The digital age has made running a truly global business far more achievable than ever before. It’s easy to see why marketing in new countries may once have seemed intimidating, but now, when done correctly, it’s possible to grow your organisation around the world.

As with any business decision, there has to be a carefully thought out strategy behind it, with the correct analysis carried out in advance. We’ve always been a very ambitious company so when we were looking to expand as a niche technology recruiter, we knew there were two ways to achieve this. The first was to extend the range of services we offer in the UK. The other was to offer the same services in different geographical markets.

In terms of location, Europe is closer, but as the United States is home to the biggest software market on the planet, it was a natural decision to prioritise America. Technology professionals are in high demand there, and that’s what we specialise in providing. On a purely logistical note, the language is far less of a barrier as well!

Local knowledge

Just speaking the same language isn’t always enough, sometimes cultural differences or a lack of local knowledge can have unforeseen repercussions. One good example of this is when UPS first launched in Spain. The company, famous for their brown delivery vans, had to quickly send their fleet for a re-paint after realising that hearses are also traditionally the same colour there.

Whilst not on the same scale as the UPS faux pas, we did come a little unstuck when we opened an office in Berlin and discovered that PR in Germany is very different to the United Kingdom.

As with any new launch, we prepared a press release announcing the expansion and sent it to the local media. The fact that a company has invested in the area, creating hundreds of new jobs which has a knock-on effect for the local economy, is always good news. However, it was viewed differently there.

Germany’s media organisations only tend to take on hyperlocal news stories and PR, meaning that running a piece on a foreign company opening an office was seen as little more than free advertising. As a result, we were unable to gain the same amount of press we have had when opening our other offices around the globe.

German SEO also operates differently to the UK and US too, with users responding to much longer keywords and descriptive content. In terms of marketing content, customers want to know about performance and statistics rather than the aspirational aspects that would be focused on in the US and UK.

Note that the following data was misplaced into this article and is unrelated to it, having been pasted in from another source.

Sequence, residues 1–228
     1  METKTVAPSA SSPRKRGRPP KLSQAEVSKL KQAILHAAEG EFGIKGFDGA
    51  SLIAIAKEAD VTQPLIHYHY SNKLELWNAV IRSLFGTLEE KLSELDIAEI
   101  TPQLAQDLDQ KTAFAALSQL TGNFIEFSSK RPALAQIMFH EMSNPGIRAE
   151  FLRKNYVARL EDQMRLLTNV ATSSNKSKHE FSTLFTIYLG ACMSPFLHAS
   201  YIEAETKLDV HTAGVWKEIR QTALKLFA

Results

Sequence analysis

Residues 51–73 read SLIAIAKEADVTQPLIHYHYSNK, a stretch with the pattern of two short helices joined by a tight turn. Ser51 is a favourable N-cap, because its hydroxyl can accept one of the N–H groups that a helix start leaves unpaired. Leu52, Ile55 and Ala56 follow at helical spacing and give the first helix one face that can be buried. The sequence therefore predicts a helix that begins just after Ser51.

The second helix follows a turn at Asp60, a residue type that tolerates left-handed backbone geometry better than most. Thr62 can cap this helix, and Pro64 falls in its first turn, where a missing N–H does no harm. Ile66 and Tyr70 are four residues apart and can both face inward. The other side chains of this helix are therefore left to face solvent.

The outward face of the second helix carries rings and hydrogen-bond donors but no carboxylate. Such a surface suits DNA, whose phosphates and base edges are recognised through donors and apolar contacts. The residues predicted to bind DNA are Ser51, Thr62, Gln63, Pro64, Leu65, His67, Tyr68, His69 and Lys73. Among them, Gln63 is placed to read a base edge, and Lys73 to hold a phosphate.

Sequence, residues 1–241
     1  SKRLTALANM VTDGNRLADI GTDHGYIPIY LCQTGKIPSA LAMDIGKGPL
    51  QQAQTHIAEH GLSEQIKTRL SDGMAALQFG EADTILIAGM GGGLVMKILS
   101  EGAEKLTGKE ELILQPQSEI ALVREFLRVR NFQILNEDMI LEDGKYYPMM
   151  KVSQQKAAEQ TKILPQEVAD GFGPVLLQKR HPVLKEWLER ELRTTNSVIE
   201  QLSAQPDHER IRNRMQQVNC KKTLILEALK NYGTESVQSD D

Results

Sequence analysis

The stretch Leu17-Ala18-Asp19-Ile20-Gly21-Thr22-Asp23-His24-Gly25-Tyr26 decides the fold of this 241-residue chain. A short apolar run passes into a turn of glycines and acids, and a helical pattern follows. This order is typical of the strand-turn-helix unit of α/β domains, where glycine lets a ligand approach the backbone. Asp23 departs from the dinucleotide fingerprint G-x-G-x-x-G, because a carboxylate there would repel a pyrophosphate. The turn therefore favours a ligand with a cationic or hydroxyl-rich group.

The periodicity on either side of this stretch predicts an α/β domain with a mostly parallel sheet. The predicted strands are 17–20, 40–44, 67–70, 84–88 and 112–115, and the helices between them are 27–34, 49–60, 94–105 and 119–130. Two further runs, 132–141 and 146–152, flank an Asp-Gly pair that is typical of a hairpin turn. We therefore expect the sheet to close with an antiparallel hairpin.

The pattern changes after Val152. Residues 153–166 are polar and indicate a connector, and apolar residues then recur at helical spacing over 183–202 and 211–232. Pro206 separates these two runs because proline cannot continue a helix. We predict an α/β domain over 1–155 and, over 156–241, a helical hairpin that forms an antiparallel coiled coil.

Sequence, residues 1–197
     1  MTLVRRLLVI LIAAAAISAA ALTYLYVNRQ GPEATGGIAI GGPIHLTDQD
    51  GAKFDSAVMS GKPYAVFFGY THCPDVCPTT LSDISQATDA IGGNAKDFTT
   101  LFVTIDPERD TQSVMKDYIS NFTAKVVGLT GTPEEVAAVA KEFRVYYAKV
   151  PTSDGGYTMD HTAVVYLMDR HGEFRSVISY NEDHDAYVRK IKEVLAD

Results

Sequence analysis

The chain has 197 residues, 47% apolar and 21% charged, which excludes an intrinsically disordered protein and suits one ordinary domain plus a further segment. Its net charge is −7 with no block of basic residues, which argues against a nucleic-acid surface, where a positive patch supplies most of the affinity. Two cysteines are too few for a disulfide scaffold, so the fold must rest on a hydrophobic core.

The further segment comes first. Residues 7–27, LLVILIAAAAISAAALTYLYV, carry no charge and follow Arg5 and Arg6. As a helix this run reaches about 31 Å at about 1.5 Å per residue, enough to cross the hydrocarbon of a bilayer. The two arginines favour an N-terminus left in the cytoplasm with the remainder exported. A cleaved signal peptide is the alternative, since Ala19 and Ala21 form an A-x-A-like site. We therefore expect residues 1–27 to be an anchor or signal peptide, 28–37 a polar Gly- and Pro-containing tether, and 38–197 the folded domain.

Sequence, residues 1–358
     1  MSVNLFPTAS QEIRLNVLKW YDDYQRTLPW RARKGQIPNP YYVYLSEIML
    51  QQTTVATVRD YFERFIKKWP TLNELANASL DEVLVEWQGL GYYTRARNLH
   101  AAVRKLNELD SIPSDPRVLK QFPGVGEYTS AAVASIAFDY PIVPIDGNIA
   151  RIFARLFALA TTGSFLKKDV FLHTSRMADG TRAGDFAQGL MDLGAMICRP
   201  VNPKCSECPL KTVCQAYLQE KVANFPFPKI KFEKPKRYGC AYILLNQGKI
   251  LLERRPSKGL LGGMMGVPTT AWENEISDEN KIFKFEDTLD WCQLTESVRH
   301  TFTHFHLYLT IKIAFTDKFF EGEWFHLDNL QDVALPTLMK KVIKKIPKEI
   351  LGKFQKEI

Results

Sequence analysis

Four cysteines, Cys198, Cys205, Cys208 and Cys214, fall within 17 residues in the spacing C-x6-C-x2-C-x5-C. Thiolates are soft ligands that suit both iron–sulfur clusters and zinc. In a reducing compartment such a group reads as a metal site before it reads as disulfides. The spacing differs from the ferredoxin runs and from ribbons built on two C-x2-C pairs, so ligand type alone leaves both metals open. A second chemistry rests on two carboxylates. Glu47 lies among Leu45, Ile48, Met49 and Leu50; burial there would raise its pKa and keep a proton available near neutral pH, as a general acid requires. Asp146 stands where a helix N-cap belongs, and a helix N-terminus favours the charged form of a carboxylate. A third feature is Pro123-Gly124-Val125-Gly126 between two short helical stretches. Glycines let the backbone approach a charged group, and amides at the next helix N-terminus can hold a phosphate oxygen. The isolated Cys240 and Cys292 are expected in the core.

I always suggest that a big part of your strategy needs to be simply replicating a successful operation into new territories, but you still have to be flexible enough to adapt in situations such as this. We learned our lesson in Germany, but we’ve had to hold our hands up at times, then roll our sleeves up and been prepared to admit we were wrong. It’s a challenge that you have to embrace rather than be beaten by.

Choosing your channels

It’s also worth trying to do your homework in terms of using the correct digital channels for whichever new territory you’re exploring, where a trend or platform might catch you totally by surprise. You may think that splitting your marketing budget between a bunch of social media platforms will be enough, but that’s a naive approach to take.

As much as Facebook seems the default worldwide social media, its censorship in countries such as Russia and China means it’s not always the most-used platform. Going back to Germany, when we launched we found that Xing was far more popular than LinkedIn for networking, and Twitter has never quite been as popular as it has in the US and UK. On the other hand, Japan prefers Twitter’s relative anonymity compared to Facebook, which is often used more as a professional networking platform, the way we would use LinkedIn.

So as much as it can be a minefield, it’s imperative that you know the most popular platforms in the new location you’re moving to and not assume it’s the same globally. You also need to have a specific plan in place with what you want to achieve from your digital marketing. Without any clear goals, how can you gauge where your successes have been?

When you are entering a new market and using different channels, it’s even more important to have very specific targets in place so that you can benchmark how each campaign has gone, because you can’t assume you’ll get the same ROI from the same channels in a different country.

Internal branding

No matter what your ambitions, it’s vital that you have buy-in from your employees from the very beginning of your journey. We are very proud of the successful culture we have nurtured and we transplant this ‘DNA’ by promoting within and give our leaders the opportunity to open new offices in new countries.

If you want to expand and achieve, make people aware during the recruitment process, make sure you hire those who are excited by that and will embrace it and ensure your communication within the organisation reflects this. Our internal branding encourages people to ‘Go Beyond’.

Make sure your internal communication isn’t just restricted to great branding. The easiest way to keep on top of the different challenges you’ll face is with constant and open dialogue. Feedback on what’s working and what’s not should never just be restricted to scheduled meetings. A quick WhatsApp message could save your company time and money when it’s most critical.

The digital age has made marketing across numerous locations easier than when I first entered the industry. Keeping on top of that is a challenge, but it’s possible to achieve real success in any new territory you decide to take on.